What German commentators couldn’t help noticing about Putin’s column is that the offer of friendship comes from someone with a history of hostile actions, to put it mildly, his own and his predecessors. Putin, the apostle of the increasing Sovietization of Russia, does not even acknowledge the painful experiences of Eastern Europe under Soviet-led regimes, inspiring them to fight for NATO membership as soon as the Soviet Union collapsed. In his account, what happened to Crimea was “secession”, not annexation, and Russia has never taken advantage of the weaker neighboring states. Germany recently welcomed a leading Russian opposition figure, Alexey Navalny, after Putin’s agents nearly poisoned him to death, and less than six months after he returned to Russia, he had already been jailed. Obviously, this instance of interaction between the countries was not worth mentioning.

Why would anyone want to be friends with this guy or the country he represents?

Well, Putin’s implicit suggestion in his op-ed that Europe should forget about all these nasty things is not as absurd as it might seem. That is what makes it so insidious and divisive. Europe is good for forgetting and turning a blind eye; if not, the European wars would never stop.

There are many examples – from the continued prosperity of some ex-Nazis in Germany to the recent restoration of military honors by the former general, accused of war crimes and until recently an active politician, Branimir Glavas in Croatia – of how Europe and its states Constituents have not exactly been relentless in seeking out figures from their hateful past. It is not in the DNA of Europe today to be hard on people who did horrible things at different times. Many prominent figures from the communist regimes of Eastern Europe were also allowed to remain in national politics.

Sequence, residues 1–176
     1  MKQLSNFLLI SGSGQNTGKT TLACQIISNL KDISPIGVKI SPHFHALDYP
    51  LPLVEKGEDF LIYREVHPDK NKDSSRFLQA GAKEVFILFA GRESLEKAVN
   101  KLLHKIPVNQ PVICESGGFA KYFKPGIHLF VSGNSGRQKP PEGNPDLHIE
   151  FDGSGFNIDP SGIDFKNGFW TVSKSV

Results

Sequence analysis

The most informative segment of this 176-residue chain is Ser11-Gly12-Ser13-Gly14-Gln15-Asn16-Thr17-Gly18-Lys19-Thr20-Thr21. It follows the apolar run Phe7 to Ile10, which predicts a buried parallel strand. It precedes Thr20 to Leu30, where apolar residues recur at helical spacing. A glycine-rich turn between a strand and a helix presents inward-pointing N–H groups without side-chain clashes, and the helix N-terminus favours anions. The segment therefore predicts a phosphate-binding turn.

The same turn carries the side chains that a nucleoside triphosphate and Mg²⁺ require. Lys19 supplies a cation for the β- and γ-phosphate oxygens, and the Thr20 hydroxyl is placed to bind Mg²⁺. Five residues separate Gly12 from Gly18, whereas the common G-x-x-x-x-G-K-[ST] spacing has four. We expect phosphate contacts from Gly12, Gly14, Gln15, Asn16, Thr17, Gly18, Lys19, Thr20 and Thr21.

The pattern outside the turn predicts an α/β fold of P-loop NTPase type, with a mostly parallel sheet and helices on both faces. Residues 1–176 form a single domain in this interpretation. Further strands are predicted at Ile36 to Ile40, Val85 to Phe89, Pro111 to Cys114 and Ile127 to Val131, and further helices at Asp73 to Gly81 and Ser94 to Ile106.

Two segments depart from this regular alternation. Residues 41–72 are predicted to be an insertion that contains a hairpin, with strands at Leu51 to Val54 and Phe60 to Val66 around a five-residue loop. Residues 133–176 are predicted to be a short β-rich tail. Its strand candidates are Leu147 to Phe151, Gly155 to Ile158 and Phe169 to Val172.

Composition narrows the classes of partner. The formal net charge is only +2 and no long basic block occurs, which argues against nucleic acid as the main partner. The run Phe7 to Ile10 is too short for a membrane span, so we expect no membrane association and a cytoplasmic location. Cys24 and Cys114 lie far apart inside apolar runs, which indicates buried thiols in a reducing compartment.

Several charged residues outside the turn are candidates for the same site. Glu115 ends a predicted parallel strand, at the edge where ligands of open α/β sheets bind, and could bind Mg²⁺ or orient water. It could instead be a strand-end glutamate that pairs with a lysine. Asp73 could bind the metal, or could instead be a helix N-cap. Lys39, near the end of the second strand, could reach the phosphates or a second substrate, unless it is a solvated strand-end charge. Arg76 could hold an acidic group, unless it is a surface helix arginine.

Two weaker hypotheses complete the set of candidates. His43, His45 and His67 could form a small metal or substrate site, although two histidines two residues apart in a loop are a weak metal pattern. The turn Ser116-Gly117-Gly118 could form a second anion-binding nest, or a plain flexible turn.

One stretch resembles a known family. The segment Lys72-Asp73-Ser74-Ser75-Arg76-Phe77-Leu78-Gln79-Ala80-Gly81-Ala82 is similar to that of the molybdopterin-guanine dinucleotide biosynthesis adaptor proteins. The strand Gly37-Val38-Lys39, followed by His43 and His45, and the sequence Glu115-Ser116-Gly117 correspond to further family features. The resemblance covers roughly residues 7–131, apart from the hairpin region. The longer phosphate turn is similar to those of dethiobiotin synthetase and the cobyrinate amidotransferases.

Europe also tolerates the new illiberal regimes in its midst, like those in Hungary and Poland, and so much questionable Russian and post-Soviet capital that one could argue that less tolerance for Putin’s Russia would be simply unfair. In other words, nothing that Russia is doing now or did in the past is a valid reason to deny cooperation to “one of the largest European nations”, linked to Europe by all these past events that it would prefer to remember only in certain dates, and by a business-driven present that has more to do with certain cynical Italian, Austrian and German traditions than with the declared values ​​of the EU. The message, not very explicit, in Putin’s column is that Europe has more in common with Putin’s Russia than with the US, which, well, is simply not European. “What does a stranger understand?” Says an Austrian saying often quoted by Nobel Prize-winning author and dissident from the Yugoslav wars Peter Handke. Putin, his clique and the people they rule are not strangers in Europe, or at least they are not considered strangers in countries where they store their wealth and which often embody their best memories and cultural impulses. The Putinists’ real problem is with the United States.